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Business and Economy

Maine Court Hears Arguments On Residency Requirement For Recreational Marijuana Businesses

David Sharp
AP file
Buyers are let in to purchase cannabis products at Theory Wellness on Friday, Oct. 9, 2020, in South Portland, Maine.

The Mills administration on Thursday defended its decision to drop enforcement of a residency requirement for recreational marijuana business owners. It acted in the face of a lawsuit.

Medical marijuana businesses wanted the Maine Supreme Court to order it be enforced. They fear without it, they could be driven out of business by big, out-of-state competitors.

The Mills administration decided against enforcing the requirement after a federal court case in Portland and an attorney general's opinion that it was likely unconstitutional.

Attorney James Monteleone, representing the medical marijuana business, argued that was a judgment the courts should make.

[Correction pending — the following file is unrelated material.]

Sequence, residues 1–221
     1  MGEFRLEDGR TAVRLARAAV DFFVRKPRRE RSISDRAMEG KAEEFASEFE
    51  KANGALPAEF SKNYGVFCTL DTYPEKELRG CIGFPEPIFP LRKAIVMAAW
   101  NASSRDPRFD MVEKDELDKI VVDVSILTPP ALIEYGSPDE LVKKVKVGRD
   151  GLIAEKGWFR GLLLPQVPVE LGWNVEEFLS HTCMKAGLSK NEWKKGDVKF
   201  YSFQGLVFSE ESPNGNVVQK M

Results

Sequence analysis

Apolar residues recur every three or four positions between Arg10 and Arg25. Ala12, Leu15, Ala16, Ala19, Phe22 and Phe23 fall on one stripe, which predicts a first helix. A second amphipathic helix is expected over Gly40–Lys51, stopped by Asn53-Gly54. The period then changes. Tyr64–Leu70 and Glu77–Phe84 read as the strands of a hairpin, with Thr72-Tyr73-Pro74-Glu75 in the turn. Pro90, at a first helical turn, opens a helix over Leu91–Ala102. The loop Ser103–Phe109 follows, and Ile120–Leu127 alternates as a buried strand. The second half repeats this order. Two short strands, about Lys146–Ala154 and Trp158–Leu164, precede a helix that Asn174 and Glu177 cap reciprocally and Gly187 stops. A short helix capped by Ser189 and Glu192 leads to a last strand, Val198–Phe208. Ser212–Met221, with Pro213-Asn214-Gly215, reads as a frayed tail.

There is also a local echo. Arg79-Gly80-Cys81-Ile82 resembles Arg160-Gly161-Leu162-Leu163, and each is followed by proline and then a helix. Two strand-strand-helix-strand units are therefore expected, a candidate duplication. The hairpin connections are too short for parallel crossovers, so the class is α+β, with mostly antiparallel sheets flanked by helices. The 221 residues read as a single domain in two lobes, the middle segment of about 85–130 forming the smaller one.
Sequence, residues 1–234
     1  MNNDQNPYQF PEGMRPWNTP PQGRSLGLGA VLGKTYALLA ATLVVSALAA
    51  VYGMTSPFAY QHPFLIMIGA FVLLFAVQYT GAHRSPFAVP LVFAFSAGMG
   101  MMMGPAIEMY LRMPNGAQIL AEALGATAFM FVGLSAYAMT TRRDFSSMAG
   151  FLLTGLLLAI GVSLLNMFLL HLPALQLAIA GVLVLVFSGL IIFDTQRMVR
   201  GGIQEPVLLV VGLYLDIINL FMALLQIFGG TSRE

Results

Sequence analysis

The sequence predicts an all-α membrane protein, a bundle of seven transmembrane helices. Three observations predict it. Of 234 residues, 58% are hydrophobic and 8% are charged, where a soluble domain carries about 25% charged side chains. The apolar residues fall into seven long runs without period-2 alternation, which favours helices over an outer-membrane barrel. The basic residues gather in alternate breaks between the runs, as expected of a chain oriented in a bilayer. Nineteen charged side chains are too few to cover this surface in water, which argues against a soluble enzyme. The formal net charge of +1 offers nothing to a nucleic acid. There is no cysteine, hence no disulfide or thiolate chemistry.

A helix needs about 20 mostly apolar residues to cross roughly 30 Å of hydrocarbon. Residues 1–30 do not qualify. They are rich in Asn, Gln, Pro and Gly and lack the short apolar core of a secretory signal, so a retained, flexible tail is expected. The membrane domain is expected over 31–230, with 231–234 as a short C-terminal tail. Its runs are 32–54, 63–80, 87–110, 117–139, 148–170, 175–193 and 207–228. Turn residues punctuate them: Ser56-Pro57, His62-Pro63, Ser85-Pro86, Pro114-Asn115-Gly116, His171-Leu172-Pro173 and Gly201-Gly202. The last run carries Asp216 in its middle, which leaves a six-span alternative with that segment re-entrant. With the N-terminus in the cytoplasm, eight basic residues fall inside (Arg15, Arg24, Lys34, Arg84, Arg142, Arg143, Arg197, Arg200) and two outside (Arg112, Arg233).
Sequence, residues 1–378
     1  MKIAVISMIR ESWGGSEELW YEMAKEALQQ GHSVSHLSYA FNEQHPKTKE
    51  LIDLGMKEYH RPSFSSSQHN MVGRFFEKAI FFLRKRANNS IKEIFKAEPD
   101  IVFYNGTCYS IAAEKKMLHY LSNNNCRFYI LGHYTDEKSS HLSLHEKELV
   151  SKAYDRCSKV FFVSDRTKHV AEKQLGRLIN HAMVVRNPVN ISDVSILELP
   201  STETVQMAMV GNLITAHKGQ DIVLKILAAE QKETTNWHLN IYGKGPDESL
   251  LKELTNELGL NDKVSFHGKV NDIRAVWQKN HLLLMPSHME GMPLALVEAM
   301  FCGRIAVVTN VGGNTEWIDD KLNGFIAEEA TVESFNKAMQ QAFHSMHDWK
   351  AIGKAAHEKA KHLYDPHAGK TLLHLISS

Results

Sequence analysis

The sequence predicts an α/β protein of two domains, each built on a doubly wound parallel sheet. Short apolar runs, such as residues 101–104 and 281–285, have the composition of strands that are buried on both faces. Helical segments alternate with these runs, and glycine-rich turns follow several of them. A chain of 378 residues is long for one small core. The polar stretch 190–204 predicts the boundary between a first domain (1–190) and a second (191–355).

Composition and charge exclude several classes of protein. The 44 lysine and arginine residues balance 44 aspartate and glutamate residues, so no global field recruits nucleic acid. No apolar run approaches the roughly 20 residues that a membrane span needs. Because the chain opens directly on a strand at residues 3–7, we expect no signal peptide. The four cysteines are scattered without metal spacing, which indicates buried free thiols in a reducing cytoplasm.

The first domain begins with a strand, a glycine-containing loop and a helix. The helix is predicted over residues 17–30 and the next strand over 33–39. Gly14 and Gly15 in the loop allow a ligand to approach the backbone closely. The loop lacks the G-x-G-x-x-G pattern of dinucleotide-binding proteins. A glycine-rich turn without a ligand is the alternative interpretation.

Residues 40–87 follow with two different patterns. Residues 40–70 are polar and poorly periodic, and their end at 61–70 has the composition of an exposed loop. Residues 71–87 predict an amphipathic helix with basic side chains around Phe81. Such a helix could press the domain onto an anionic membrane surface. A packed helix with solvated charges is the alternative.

"Maine's constitution, and this court's prior holdings, require that the judicial branch, not the executive branch, determine the legality of mandatory legislative enactments," he said. "If the executive branch can determine for itself what is or is not constitutional, then there is a slippery slope there where it can wholly disregard the intent, the will of the people, acting through the Legislature."

But Assistant Attorney General Paul Suitter told the justices the administration was being prudent.

"Executive officers swear an oath to uphold the Maine and U.S. constitutions. Here, in the face of a federal lawsuit, the department consulted with the Office of Attorney General, and it was advised Maine's adult-use residency requirement is subject to significant constitutional challenges and is not likely to withstand such challenges," he said.

The justices took the matter under advisement. A ruling is likely later this spring.